The ground is not a causality chain like 'from A follows B, from B follows C and so on' as in Kant or formal logic according to Frege, where each element is the cause for its successor, but a space of possibility from which the real emerges. This can vividly be the soil, which contains a variety of possibilities, the furrow of the field provided with seeds or seedlings or in another picture an embryo, which develops protected in the womb. Mathematically speaking, this can be the whole of differentials dx, dy, ..., from which the real numbers arise, and based on this the transition of Germs from topological spaces into their physical applications as demonstrated using Geometric Calculus developed in the 20th century. – In a broad philosophical sense it may be the "causa" in the double meaning of ground and matter (case). The subject matter itself is the ground from which something is understood and seen in the horizon of all its alternative possibilities.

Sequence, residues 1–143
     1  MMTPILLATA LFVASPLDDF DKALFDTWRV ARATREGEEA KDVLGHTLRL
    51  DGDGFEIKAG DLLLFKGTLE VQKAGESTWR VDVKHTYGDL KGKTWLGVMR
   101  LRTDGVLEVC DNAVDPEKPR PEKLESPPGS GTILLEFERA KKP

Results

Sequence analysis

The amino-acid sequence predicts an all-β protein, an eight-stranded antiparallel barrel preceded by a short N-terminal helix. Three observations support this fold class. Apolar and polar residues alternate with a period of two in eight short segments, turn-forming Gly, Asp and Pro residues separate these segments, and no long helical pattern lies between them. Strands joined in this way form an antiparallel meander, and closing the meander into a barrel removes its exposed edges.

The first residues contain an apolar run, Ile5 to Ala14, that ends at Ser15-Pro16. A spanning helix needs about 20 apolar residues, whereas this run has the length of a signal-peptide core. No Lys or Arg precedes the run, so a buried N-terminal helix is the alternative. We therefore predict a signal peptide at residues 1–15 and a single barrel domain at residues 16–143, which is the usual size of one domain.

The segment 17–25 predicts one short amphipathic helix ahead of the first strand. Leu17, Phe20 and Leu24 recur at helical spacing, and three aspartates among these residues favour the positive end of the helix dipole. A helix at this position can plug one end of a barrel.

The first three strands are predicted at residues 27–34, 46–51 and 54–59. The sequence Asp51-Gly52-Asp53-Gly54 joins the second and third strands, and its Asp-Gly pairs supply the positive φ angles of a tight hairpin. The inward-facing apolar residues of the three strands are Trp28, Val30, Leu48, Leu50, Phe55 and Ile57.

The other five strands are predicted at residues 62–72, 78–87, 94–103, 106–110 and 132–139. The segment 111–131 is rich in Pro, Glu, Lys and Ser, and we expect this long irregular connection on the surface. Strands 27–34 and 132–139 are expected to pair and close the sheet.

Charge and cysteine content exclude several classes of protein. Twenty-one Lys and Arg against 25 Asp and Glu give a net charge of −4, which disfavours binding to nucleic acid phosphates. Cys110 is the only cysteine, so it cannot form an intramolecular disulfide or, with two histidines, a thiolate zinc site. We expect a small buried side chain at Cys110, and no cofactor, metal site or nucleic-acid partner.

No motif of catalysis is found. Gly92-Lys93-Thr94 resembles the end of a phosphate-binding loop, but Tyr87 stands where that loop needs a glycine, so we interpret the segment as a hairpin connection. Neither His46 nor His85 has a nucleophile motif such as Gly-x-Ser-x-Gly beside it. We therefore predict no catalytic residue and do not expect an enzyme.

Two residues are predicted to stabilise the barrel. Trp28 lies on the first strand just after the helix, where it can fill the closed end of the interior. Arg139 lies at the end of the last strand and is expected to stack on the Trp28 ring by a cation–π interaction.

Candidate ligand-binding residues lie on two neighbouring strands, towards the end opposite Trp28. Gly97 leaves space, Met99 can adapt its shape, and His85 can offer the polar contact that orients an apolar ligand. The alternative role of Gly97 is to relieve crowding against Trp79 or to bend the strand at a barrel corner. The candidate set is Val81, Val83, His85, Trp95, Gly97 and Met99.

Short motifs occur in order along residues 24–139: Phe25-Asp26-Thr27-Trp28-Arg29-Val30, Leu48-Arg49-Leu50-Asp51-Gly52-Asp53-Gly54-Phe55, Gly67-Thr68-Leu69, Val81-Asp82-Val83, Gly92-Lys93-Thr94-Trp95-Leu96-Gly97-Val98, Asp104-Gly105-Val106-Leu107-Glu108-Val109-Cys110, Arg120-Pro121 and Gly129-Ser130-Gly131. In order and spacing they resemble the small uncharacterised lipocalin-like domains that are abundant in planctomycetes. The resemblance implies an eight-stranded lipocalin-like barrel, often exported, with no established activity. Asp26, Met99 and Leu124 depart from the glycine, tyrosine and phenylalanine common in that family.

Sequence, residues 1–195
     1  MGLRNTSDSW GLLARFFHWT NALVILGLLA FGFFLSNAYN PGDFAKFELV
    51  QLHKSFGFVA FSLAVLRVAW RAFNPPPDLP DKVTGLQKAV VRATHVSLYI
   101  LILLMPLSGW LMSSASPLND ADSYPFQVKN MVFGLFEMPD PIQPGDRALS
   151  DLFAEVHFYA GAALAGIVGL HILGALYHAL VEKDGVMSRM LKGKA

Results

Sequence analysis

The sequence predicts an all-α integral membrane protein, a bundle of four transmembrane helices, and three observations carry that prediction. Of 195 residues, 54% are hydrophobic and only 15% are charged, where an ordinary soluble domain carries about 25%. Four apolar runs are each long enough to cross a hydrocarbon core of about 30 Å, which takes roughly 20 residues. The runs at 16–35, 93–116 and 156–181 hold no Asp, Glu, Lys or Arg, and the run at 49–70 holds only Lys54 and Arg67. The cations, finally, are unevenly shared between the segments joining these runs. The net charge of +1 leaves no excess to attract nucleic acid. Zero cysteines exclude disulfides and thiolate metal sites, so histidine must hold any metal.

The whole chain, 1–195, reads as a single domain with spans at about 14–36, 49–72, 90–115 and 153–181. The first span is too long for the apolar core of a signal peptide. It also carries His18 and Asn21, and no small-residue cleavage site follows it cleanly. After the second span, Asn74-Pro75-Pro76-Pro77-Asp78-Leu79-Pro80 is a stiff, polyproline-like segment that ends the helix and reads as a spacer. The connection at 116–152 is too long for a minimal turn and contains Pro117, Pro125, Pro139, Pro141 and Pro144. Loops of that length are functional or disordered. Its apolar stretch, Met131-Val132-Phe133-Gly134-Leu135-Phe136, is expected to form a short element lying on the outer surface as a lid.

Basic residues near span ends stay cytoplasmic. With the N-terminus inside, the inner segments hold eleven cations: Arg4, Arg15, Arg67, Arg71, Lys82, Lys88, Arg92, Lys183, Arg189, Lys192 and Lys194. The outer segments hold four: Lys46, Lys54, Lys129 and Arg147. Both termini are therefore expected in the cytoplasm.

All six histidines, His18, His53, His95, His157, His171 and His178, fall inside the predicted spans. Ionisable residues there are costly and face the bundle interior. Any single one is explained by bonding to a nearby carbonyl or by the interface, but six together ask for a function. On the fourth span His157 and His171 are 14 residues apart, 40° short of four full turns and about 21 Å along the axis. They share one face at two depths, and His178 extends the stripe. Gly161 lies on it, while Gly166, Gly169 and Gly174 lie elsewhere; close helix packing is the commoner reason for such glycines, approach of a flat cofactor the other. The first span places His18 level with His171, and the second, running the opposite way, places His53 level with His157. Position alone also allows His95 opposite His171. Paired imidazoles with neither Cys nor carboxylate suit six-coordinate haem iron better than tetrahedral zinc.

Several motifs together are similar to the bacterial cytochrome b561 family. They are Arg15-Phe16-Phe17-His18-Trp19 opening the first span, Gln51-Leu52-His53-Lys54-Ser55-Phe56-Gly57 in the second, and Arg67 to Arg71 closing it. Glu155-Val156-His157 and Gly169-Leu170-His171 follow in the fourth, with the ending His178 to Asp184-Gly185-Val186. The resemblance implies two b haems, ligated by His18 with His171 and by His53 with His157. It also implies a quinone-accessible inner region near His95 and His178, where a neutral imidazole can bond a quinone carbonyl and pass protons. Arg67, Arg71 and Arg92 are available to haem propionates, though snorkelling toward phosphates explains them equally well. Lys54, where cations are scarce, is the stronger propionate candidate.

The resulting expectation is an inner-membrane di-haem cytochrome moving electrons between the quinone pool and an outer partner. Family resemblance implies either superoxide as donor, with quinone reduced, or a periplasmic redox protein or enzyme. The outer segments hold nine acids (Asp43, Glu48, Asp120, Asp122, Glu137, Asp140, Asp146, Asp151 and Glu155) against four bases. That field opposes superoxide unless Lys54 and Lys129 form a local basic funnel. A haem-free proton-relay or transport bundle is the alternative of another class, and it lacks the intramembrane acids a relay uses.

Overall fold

The ground contains nothing impossible. In this respect, the tertium non datur applies in a trivial way: Something cannot be possible and impossible at the same time. But it will become apparent that for the ground the postulations of metaphysics and the determinations of reflection (identity, difference, contradiction and sufficient reason) are only valid in a restricted way. The ground consists of unfinished elements that differentiate themselves from each other in their further development, contradict each other or, conversely, can grow together into higher organic units. In the realm of the possible, two germs (options) can coexist, even if both contradict each other in their further development . If one of them becomes real, the other cannot become real. In this respect, the tertium non datur is violated in the space of possibility and is basically only valid to a limited extent.